The aerial drone community is more abuzz than usual with the new FAA rule on UAS Remote Identification. The final rule was published in the Federal Register on March 10 and becomes effective on April 21, 2021. This article updates our July 20, 2020 blog on Remote ID.
Compliance deadlines: September 16, 2022 for manufacturers and September 16, 2023 for operators.
The purpose of Remote identification is to require aerial drones to broadcast their identification and location information. This will help the FAA, law enforcement, and other federal agencies to find the control station when a drone appears to be flying in an unsafe manner or when it enters a location where it’s not allowed to fly.
The FAA’s overview is published at: UAS Remote Identification Overview
The full rule is published at: Federal Register :: Remote Identification of Unmanned Aircraft
How Do I Meet The New Requirements?
There are three ways for drone pilots to meet the new requirements:
(1) Your drone is classified as a Standard Remote ID Drone. That is, your drone was produced with built-in Remote ID broadcast capability, which includes identification and control station location. See the section below to find out if your drone is already compliant.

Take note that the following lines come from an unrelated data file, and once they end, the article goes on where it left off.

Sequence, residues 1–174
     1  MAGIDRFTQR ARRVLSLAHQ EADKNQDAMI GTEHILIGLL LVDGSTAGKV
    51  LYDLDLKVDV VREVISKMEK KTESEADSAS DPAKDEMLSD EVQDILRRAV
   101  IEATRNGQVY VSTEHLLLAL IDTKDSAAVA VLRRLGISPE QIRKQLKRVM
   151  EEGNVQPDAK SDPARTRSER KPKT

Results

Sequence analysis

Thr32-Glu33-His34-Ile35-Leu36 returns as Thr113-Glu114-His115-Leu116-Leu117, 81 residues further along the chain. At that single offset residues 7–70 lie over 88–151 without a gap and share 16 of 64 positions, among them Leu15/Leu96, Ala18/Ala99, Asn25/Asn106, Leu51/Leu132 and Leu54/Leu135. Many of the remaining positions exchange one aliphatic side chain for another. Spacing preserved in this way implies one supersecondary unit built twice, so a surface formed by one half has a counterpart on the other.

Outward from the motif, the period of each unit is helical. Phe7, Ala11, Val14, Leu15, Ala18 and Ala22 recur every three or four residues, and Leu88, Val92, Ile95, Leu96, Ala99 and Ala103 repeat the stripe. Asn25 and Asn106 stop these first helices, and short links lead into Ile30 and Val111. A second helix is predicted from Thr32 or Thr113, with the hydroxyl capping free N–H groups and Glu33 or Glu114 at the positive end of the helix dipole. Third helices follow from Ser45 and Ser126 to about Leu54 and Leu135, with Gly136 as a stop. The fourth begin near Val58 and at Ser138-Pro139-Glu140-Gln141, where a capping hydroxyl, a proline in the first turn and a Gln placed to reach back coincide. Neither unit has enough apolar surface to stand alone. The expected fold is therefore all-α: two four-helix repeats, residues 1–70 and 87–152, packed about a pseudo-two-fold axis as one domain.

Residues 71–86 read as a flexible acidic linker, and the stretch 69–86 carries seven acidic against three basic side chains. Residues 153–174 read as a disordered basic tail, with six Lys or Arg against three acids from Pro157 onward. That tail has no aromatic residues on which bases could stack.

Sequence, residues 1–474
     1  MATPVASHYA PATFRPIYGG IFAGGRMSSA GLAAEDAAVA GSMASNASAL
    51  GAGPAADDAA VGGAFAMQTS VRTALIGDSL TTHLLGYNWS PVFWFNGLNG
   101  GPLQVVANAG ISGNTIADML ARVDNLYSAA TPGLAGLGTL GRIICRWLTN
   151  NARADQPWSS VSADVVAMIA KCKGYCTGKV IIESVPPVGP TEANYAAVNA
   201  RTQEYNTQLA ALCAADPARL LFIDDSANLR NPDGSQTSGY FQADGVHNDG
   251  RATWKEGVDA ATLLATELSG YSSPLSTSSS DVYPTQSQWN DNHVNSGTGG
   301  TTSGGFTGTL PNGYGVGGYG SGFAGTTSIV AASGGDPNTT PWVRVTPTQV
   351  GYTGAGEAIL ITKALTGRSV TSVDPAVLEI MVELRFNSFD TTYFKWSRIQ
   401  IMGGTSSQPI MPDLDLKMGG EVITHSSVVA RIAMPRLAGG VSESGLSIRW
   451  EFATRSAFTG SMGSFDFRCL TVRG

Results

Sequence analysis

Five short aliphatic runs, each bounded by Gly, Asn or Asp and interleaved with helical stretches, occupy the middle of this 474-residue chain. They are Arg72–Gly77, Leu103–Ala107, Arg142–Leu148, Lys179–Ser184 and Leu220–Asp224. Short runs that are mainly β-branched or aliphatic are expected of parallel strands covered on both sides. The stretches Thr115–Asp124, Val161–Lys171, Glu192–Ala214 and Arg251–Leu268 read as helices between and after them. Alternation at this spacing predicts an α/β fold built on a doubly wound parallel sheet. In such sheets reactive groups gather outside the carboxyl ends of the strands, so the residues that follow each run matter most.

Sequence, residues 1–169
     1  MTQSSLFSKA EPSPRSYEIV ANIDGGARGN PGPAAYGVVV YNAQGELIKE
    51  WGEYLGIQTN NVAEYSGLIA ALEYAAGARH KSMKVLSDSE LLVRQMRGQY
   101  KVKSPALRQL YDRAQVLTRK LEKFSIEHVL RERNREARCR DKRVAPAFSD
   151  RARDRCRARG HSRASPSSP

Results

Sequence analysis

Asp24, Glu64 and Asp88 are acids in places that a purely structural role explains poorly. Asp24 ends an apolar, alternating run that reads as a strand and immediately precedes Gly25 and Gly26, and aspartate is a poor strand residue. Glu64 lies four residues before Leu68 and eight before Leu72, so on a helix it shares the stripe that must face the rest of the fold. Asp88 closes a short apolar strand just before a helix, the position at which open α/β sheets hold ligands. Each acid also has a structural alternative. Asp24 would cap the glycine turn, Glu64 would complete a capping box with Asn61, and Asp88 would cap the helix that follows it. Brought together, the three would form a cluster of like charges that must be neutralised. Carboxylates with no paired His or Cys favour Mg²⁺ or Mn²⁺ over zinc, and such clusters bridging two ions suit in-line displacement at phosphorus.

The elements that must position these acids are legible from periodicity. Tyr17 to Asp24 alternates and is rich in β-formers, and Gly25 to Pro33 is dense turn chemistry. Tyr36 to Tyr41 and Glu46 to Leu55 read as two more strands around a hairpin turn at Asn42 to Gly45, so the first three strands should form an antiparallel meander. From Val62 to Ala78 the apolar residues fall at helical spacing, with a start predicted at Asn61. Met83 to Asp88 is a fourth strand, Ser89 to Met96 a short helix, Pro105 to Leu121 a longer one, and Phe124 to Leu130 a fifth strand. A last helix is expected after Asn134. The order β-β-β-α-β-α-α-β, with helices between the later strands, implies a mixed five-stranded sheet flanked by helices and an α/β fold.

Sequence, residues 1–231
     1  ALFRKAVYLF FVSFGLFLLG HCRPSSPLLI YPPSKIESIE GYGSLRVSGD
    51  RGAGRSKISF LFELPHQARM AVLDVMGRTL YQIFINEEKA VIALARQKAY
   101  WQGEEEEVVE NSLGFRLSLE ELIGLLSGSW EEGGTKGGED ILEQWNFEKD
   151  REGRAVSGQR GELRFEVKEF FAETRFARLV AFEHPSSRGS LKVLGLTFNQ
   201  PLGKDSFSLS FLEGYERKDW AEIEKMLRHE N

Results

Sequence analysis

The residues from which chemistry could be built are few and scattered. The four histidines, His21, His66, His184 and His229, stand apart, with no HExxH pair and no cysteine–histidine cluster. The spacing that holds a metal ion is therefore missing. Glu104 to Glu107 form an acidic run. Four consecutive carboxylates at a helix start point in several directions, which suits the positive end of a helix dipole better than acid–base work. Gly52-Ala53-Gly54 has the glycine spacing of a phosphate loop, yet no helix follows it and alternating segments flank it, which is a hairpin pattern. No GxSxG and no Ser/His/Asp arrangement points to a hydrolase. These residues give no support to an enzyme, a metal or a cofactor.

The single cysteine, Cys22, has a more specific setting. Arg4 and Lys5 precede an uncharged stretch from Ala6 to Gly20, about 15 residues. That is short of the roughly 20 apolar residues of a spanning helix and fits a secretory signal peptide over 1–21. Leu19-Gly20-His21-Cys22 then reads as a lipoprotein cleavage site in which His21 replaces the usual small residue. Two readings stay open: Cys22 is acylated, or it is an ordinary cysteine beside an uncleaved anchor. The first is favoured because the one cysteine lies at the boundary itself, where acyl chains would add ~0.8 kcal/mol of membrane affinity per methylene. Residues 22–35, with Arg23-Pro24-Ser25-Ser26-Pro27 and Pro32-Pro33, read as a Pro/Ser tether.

(2) Your drone has been fitted with a Remote ID broadcast module, which broadcasts identification and take-off location. Many present aerial drone systems fall into this category.
(3) Your drone won’t need to comply with this new rule. The FAA will only allow the drone to be lawfully operated at FAA-recognized identification areas, which are sponsored by community-based organizations or educational institutions.
What’s All This Broadcast Business?
Remote ID broadcast messages will include:
- A unique identifier for the drone
- The drone’s lat/lon, altitude, and velocity
- The control station’s (or take-off location’s) lat/lon and altitude
- Time mark
- Emergency status (standard drones only, see (1) above)
Presently, small aerial drones are registered at the FAA’s web site “Drone Zone.” This date, I don’t see a section for Remote ID Registration, but expect this will be the place for it.
Many Aerial Drones Are Already Compliant With Remote ID
In anticipation of the FAA’s new rule, some drone manufacturers have already programmed Remote ID into their software. At FAD-Photo, our Mavic 2 Pro and Phantom 4 Pro V2 drones are compliant (or nearly compliant). DJI’s control program, Go 4, has fields to enter Remote ID information, but there’s a question as to whether they’re fully compliant. If not, then we expect the remedy will be a software update.
Check to see if your drone is on the compliant list at Drone U’s web site.
Read what drone manufacturer DJI has to say about Remote Identification at this DroneLife link.
Now that Remote Identification is the law of the land (well, the USA at least) it’s time to start thinking about our compliance deadline of September 16, 2023.